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There are so many faces of Boulder, I think, and they are all jumbled into a small space.  It was fantastic feeling the crush of people and socialization, while being able to walk a block and find silence and solitude when I needed it.

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I wrapped up my stay with a cold micro-brew at the Walnut Brewery and a bit of knitting. I would have had much more done than this, except that when I checked to see if the foot was long enough, I noticed that it was 4 stitches wider than the other one.  Being a perfectionist, I ripped it back to the toe and started over. A flight delay due to weather conditions gave me ample time to catch up, and I was on the cuff by the time I landed in Chicago.  Last night, I cast off the sock!

I met some really amazing people and learned many fantastic things.  I am looking ahead now with a shiny new perspective on what is possible for me, and I am eager to realize it.  The callouses and bruises are fading a bit, and it kind of makes me sad.  But the friendships and connections are still there, and that is the important part.  Thank you, all of my instructors and classmates, for all of the hard work and support you put into the week!  See you next year!

Halfway There

Back in January, I created a list of Resolutions meant to help me find my footing while my life went down a completely new and difficult path.  I wanted to recap yesterday, but as it was my first day in which I didn’t *have* to do anything, I didn’t.  I got home from work, turned on cheesy 1990’s sitcoms, opened a beer, and started knitting.  And I didn’t stop until I was feeling droopy.  I didn’t clean, I didn’t move, I didn’t answer my phone, I didn’t even cook – I just reheated Sunday’s dinner.  The house was quiet for much of the evening, and I was ok with that.  In fact, I was happy about that.  My world has been so incredibly busy lately that having a night off was heaven.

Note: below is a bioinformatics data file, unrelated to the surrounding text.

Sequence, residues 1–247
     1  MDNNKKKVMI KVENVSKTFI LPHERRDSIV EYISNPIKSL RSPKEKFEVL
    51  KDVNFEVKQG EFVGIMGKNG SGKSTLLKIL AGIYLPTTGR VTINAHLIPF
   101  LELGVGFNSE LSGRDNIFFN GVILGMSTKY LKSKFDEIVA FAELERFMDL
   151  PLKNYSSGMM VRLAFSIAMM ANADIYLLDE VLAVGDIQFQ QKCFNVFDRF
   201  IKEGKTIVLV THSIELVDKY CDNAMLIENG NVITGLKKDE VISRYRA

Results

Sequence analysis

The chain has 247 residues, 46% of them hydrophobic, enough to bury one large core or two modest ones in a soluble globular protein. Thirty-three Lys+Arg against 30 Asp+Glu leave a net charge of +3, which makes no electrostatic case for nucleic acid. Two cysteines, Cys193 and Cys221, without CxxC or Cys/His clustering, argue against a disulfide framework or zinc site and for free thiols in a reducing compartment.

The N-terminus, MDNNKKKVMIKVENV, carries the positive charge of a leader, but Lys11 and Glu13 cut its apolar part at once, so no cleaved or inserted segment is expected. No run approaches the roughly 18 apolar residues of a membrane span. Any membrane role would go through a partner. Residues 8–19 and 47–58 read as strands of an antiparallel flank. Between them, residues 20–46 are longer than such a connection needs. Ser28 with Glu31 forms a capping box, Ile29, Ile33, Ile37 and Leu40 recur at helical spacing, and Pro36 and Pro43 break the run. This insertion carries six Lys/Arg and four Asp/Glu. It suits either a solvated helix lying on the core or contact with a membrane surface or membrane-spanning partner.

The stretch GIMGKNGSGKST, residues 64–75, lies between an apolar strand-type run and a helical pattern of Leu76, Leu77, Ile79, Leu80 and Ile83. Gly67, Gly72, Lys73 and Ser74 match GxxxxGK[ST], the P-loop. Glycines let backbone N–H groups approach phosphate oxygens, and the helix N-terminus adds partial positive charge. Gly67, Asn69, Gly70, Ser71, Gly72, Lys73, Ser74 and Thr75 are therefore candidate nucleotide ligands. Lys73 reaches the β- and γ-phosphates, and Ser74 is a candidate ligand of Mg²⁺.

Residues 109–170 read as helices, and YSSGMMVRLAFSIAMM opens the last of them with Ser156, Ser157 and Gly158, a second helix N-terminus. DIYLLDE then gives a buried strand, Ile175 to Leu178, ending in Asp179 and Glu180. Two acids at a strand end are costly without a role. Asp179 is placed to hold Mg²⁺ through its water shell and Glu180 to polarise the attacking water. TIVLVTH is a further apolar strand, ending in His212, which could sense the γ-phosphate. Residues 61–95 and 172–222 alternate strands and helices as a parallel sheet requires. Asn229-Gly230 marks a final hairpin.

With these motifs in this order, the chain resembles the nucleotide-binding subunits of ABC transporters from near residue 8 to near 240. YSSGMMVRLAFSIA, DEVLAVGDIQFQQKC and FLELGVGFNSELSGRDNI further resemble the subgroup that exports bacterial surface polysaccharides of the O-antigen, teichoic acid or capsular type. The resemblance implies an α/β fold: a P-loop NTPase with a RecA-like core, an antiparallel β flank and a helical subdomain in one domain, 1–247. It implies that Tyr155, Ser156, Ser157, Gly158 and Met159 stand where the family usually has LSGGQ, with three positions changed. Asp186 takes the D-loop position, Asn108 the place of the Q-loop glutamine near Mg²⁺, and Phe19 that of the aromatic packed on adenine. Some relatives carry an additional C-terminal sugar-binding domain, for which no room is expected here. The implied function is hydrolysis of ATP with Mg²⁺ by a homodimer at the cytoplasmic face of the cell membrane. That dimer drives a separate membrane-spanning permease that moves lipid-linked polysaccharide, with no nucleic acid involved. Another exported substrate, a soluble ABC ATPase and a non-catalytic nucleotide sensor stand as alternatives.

I did have a lot of time to think.  The past month has been a time of reflection for me.  Now, we hit the halfway point for the year and I’m looking at what I’ve done so far, and what I have left to do.

Specifically – those resolutions.

  • Knitting a Dress – Hasn’t happened yet, and it kind of worries me.  But, there are projects on the horizon that I think will resolve this before the year is out.  I have decided to go with my own personal design, since there are several I can make happen (and one or two that *must* happen).
  • The Yarn Diet – I have been weak lately.  I bought yarn over the weekend.  I kept saying that it was for hair falls – it’s costuming – it doesn’t count!! And indeed, one skein was used up last night during a craft activity, but I still feel bad.  The yarn diet was as much about money as it was about space.  I have noticed a difference, though.  I have either used up more yarn than I realized, or I’ve gotten really good at storing it.  I have almost reached my goal of fitting it all into one dresser, but there are still boxes here and there.  One of the projects I am working on, however, should use up quite a bit of that.